According to the EdTech Top 40 report by Instructure, the 22-23 school year had 2,591 edtech tools used per district. Since the 19-20 school year, that number hasn’t dropped below 2,200 tools used per district. In the 22-23 school year, 2,591 tools break down to 42 unique edtech tools accessed per individual student, and 42 unique edtech tools are accessed per individual educator, too.

That’s a lot of tools to use and access. This spike in technology usage could also be a direct tie to why more learning institutions overall are asking for integrations – at least that’s what we attribute it to. LMS integrations can typically support 4 main ranges of functionality:

  1. Single Sign-On (SSO) - Identifies and authenticates users from a previous set of credentials which provides an easier log-in experience.
  2. Rostering - Creates classes, organizes enrollments, and manages other student data to eliminate the manual task of recreating accounts within the third-party platform.
  3. Assignment Sync - Pulls third-party assignments from one platform into another so users can easily access all of their assignments within one place.
  4. Grade Passback - Pushes grades to the LMS for assignments which eliminates the copy and pasting of grades in a third-party platform.

Ensuring that student data is accurate and updated across all systems is one of the most challenging tasks that learning institutions face. Entering this data for each system or application that a school uses individually is time-consuming and error-prone. Integrations allow for data to seamlessly flow between the LMS and other third-party products to decrease the errors that can occur with manual data entry along with adding time back to users.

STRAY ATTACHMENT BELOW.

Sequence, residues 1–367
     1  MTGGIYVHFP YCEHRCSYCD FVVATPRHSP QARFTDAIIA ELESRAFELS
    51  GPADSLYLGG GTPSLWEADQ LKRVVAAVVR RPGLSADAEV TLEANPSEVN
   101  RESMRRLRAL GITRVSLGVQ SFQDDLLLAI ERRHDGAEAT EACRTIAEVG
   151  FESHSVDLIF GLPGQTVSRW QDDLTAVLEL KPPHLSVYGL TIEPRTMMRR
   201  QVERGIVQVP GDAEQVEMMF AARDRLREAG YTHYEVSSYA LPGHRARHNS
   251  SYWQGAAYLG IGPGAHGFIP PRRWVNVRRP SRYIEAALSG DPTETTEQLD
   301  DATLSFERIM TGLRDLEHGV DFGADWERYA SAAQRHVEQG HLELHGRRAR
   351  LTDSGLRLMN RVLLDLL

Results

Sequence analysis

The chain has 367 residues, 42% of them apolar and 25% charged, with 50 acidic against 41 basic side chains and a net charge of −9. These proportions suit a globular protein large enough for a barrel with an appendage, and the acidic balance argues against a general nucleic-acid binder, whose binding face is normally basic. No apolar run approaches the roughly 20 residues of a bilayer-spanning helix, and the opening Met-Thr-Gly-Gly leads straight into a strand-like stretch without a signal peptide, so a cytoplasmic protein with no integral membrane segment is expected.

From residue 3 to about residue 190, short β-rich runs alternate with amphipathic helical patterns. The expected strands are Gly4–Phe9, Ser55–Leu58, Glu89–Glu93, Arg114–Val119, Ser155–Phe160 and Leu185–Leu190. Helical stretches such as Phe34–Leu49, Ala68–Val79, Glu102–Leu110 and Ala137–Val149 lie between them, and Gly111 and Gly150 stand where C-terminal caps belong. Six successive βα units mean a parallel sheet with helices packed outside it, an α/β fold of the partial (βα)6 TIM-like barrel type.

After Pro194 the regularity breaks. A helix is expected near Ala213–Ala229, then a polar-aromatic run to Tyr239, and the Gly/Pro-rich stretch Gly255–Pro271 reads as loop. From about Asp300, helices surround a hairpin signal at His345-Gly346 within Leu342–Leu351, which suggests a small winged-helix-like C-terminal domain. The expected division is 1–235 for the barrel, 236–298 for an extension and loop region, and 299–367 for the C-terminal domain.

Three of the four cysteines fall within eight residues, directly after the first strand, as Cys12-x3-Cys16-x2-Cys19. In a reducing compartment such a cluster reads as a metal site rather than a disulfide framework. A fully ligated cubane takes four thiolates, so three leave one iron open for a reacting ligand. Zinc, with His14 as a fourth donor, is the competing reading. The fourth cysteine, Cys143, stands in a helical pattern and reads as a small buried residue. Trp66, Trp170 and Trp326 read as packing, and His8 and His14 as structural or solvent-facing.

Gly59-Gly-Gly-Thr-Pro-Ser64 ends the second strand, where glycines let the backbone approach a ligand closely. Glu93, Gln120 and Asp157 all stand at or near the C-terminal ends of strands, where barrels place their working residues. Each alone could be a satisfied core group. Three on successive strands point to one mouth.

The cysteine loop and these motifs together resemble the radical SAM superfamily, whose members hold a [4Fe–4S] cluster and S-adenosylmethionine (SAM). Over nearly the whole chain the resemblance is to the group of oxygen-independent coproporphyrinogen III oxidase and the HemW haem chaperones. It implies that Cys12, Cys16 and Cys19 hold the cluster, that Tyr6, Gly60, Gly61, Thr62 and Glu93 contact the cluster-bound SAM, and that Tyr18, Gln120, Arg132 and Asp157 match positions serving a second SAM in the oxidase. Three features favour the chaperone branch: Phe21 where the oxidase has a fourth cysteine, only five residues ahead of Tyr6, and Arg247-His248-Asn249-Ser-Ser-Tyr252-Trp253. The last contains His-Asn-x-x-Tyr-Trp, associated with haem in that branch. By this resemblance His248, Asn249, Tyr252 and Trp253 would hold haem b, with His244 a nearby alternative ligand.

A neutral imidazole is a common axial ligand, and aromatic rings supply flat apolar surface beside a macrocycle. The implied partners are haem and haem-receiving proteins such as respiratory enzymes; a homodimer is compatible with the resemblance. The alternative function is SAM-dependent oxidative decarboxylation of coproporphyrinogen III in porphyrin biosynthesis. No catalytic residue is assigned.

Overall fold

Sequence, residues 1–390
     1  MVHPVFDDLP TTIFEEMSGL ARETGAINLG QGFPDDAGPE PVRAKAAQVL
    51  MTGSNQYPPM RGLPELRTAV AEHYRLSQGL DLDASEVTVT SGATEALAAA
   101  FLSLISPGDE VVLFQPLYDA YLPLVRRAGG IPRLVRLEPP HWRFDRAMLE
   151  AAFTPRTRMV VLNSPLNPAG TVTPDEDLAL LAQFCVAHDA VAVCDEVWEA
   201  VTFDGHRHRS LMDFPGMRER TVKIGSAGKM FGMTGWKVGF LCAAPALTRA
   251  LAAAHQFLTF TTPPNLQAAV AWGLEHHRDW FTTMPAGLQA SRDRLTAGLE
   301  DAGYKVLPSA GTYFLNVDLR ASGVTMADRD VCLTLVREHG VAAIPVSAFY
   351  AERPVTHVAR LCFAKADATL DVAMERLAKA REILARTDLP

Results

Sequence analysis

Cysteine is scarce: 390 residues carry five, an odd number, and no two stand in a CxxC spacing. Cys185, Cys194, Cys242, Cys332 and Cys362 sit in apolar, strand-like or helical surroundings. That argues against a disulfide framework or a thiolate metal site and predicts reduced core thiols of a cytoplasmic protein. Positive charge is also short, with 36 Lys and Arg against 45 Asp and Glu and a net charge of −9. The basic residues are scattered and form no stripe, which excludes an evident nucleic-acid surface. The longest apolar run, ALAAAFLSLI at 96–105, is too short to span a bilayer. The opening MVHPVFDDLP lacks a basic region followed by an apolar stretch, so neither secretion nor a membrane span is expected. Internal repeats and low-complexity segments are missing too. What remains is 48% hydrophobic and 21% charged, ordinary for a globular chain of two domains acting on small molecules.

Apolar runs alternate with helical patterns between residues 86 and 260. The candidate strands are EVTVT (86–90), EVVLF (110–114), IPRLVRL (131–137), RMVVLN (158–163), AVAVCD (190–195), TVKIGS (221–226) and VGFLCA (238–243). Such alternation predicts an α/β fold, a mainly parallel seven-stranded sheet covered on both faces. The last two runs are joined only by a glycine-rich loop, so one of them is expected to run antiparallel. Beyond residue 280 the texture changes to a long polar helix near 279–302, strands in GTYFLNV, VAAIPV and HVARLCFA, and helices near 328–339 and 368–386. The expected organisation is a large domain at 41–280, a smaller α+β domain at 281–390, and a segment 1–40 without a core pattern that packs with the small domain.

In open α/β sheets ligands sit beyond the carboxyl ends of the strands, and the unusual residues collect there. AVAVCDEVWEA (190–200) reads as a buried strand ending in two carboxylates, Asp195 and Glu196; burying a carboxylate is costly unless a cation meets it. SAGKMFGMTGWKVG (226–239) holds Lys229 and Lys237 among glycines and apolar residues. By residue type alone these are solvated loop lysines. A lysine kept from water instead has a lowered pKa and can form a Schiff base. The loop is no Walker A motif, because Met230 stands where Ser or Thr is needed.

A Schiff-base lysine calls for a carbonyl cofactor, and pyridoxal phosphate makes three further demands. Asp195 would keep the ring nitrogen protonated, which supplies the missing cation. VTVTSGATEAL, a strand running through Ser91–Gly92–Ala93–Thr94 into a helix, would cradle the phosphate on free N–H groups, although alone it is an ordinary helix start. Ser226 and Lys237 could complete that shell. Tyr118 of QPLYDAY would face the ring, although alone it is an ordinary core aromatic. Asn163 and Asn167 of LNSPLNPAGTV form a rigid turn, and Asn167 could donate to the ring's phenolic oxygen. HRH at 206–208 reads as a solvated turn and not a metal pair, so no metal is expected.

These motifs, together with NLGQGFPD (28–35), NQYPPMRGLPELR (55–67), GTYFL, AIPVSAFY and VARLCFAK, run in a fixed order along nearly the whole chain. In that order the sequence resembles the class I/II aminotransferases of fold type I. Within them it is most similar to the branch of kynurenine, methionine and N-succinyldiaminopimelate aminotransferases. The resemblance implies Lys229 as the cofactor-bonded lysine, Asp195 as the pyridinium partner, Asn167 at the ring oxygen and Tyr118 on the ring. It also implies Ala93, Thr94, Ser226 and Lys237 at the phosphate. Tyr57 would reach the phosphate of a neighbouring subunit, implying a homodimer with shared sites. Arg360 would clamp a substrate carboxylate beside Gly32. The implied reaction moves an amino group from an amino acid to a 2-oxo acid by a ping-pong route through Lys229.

Competitive Against Others

Besides the obvious benefit that integrations provide users, third-party products can also enjoy integrations – although in a different light. Because of the weight that integrations can have in some of the larger districts, integrations might make some products more competitive. 42 is a large list, but it is still small enough for products to have to fight for relevance and users within learning institutions.

Smoother Sales Process with Learning institutions

Speaking of fighting – it is also understood that products with integrations experience a more streamlined sales process. Imagine two products that provide the same inherent value, but one has integrations and the other one doesn’t. Though there isn’t any “hard evidence” to support this idea, the product with integrations would expect to have a smoother sales process since it can just say “yes” to the learning institution about integrations.

Higher Product Retention

Another clear benefit would be the “stickiness” of integrated products vs. non-integrated products. This “stickiness” refers to the ease of a learning institution to be able to replace a product. The more sticky a product is, the harder it is to remove from a learning institution’s edtech product list, which is probably because of the integrations the product can perform. Other products that aren’t as sticky might not have as many integrated features and can easily get outperformed by others that can host more integrated features.

*article last updated | 11.15.23

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